International insolvency regulates the treatment of financially distressed debtors where such debtors have assets and liabilities in more than one country. Usually, international insolvency has more to do with the insolvency of companies that operate in more than one country rather than the personal bankruptcy of individuals.

With globalisation on the increase, the obstacles to international investment and business continue to be removed. The inherent risks and complications, however, of carrying out international business remain. As a result, insolvency practitioners in England and Wales are increasingly having to deal with the recovery and realisation of assets situated overseas as well as claims by foreign entities to the assets of an insolvent company or individual in England and Wales.

Many of the companies that enter insolvency every day have some cross-border element and many involve offshore jurisdictions. As a result of the growth in cross-border insolvency, there has been a corresponding increase in the various sources of law to resolve the legal issues.

In deciding on the appropriate law and jurisdiction, one of the first things to do is to consider the nature of the dispute to see if it relates to a matter that has arisen in management of the insolvency, for example a decision of the appointment taker/officeholder, or in the context of the recovery or realization of an asset.

To avoid the risk of having scores of lawyers in different countries untangling cross-border issues and increasing insolvency costs to the detriment of creditors, in England and Wales the EC Council Regulation 1346/2000 of 29 May 2000 on insolvency proceedings, known as the EC Insolvency Regulation and the 1997 United Nations Commission on International Trade Law (UNCITRAL) Model Law on Cross-Border Insolvency have been enacted.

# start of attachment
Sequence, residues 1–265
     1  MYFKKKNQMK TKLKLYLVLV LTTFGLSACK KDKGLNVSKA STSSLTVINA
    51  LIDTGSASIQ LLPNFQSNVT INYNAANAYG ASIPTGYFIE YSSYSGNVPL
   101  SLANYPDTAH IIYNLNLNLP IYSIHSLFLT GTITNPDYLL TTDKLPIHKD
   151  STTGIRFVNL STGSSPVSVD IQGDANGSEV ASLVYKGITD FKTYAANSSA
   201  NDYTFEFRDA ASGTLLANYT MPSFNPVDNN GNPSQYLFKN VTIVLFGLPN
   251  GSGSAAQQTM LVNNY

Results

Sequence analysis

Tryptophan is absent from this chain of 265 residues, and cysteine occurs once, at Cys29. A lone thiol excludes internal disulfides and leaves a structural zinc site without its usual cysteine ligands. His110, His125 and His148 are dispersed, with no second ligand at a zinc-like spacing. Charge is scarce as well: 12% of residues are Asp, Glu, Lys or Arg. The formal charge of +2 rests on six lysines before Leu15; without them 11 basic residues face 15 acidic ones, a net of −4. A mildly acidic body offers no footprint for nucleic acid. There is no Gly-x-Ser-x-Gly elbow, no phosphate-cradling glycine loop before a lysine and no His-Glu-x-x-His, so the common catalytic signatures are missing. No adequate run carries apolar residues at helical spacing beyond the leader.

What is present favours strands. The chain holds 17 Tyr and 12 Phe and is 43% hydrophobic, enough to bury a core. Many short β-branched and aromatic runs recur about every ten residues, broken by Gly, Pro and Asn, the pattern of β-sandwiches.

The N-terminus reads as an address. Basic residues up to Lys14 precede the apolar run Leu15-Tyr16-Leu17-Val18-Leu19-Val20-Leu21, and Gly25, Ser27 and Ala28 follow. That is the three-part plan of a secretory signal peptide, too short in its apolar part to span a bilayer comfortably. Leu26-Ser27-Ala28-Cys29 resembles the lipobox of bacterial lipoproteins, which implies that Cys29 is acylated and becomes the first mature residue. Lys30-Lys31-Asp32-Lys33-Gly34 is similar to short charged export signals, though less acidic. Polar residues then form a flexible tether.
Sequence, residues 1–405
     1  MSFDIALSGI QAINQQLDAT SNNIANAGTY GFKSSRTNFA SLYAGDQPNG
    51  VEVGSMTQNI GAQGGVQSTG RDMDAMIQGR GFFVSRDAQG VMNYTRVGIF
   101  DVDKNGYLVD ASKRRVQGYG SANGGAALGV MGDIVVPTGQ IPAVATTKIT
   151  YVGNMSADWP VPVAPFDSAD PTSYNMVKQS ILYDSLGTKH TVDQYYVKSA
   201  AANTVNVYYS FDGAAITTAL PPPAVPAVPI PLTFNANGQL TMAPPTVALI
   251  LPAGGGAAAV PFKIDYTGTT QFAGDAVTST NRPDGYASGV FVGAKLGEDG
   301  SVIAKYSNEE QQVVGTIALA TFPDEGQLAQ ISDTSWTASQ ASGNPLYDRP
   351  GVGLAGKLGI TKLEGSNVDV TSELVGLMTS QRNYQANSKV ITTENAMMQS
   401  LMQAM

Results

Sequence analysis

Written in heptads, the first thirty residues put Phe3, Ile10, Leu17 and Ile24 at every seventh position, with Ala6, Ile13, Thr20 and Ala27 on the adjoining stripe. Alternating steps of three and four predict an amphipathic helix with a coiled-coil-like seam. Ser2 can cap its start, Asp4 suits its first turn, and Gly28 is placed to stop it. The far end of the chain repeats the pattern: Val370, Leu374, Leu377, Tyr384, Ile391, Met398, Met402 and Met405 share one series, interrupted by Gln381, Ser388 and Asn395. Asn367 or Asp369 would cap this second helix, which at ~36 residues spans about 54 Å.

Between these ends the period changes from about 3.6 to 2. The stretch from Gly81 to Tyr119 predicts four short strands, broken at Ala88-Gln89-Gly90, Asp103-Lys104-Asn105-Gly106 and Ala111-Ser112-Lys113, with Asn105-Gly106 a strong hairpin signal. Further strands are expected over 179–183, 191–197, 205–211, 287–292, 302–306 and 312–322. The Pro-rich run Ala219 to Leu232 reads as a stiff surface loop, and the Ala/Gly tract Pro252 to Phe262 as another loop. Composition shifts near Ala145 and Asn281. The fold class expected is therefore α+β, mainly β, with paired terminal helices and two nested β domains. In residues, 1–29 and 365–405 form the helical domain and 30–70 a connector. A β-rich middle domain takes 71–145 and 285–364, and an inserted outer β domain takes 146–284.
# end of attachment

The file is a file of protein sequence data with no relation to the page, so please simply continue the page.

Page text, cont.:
The general principle under Article 4 of the Insolvency Regulation is that the governing law is that of the country within which the insolvency proceedings are opened.

If the European Insolvency Regulation cannot be used, then the UNCITRAL Model Law may assist. The countries who are members of the Model Law can use the Model Law to obtain judicial recognition of a foreign insolvency process, although it is necessary to look at the enabling legislation of the member and also the terms of the Model Law enacted in the foreign member’s jurisdiction.

National insolvency regimes often have very different approaches to key issues, for example in relation to the treatment of secured creditors, rights of set-off and corporate rehabilitation regimes. Our team has dealt with and negotiated the challenges of multi-jurisdictional insolvency, often cooperating with insolvency officials and other interested parties overseas, in order to provide clients with a coherent strategy and a creative solution that suits their needs.

The Supreme Court’s decision in Rubin v Eurofinance 2012 reversed an earlier trend towards international judicial co-operation by the English courts in international insolvency. In this case, the Supreme by a majority of 4:1 ruled that avoidance claims in insolvency proceedings should not be treated any differently to any other type of court judgments such as to recover a debt or for damages for breach of contract.